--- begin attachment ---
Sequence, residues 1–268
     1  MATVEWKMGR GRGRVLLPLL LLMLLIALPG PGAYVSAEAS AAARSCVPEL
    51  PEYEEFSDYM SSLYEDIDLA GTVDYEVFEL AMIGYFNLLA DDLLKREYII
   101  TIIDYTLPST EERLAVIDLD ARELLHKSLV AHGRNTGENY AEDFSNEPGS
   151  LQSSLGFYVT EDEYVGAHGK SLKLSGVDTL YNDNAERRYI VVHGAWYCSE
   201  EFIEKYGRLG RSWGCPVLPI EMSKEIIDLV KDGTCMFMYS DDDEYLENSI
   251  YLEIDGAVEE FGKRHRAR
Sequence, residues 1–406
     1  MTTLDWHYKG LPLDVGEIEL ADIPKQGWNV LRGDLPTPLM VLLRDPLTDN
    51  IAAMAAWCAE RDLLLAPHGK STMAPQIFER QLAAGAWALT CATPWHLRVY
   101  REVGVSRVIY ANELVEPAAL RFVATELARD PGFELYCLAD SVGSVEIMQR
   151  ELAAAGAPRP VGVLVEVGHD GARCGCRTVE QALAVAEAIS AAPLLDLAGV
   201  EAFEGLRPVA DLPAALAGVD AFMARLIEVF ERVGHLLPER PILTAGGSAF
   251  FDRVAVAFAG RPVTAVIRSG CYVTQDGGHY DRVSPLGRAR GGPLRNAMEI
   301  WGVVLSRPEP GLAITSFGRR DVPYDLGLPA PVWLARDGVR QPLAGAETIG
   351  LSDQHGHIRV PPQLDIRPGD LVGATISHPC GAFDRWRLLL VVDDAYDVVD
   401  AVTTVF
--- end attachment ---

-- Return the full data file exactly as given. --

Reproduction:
Sequence, residues 1–268
     1  MATVEWKMGR GRGRVLLPLL LLMLLIALPG PGAYVSAEAS AAARSCVPEL
    51  PEYEEFSDYM SSLYEDIDLA GTVDYEVFEL AMIGYFNLLA DDLLKREYII
   101  TIIDYTLPST EERLAVIDLD ARELLHKSLV AHGRNTGENY AEDFSNEPGS
   151  LQSSLGFYVT EDEYVGAHGK SLKLSGVDTL YNDNAERRYI VVHGAWYCSE
   201  EFIEKYGRLG RSWGCPVLPI EMSKEIIDLV KDGTCMFMYS DDDEYLENSI
   251  YLEIDGAVEE FGKRHRAR
Sequence, residues 1–406
     1  MTTLDWHYKG LPLDVGEIEL ADIPKQGWNV LRGDLPTPLM VLLRDPLTDN
    51  IAAMAAWCAE RDLLLAPHGK STMAPQIFER QLAAGAWALT CATPWHLRVY
   101  REVGVSRVIY ANELVEPAAL RFVATELARD PGFELYCLAD SVGSVEIMQR
   151  ELAAAGAPRP VGVLVEVGHD GARCGCRTVE QALAVAEAIS AAPLLDLAGV
   201  EAFEGLRPVA DLPAALAGVD AFMARLIEVF ERVGHLLPER PILTAGGSAF
   251  FDRVAVAFAG RPVTAVIRSG CYVTQDGGHY DRVSPLGRAR GGPLRNAMEI
   301  WGVVLSRPEP GLAITSFGRR DVPYDLGLPA PVWLARDGVR QPLAGAETIG
   351  LSDQHGHIRV PPQLDIRPGD LVGATISHPC GAFDRWRLLL VVDDAYDVVD
   401  AVTTVF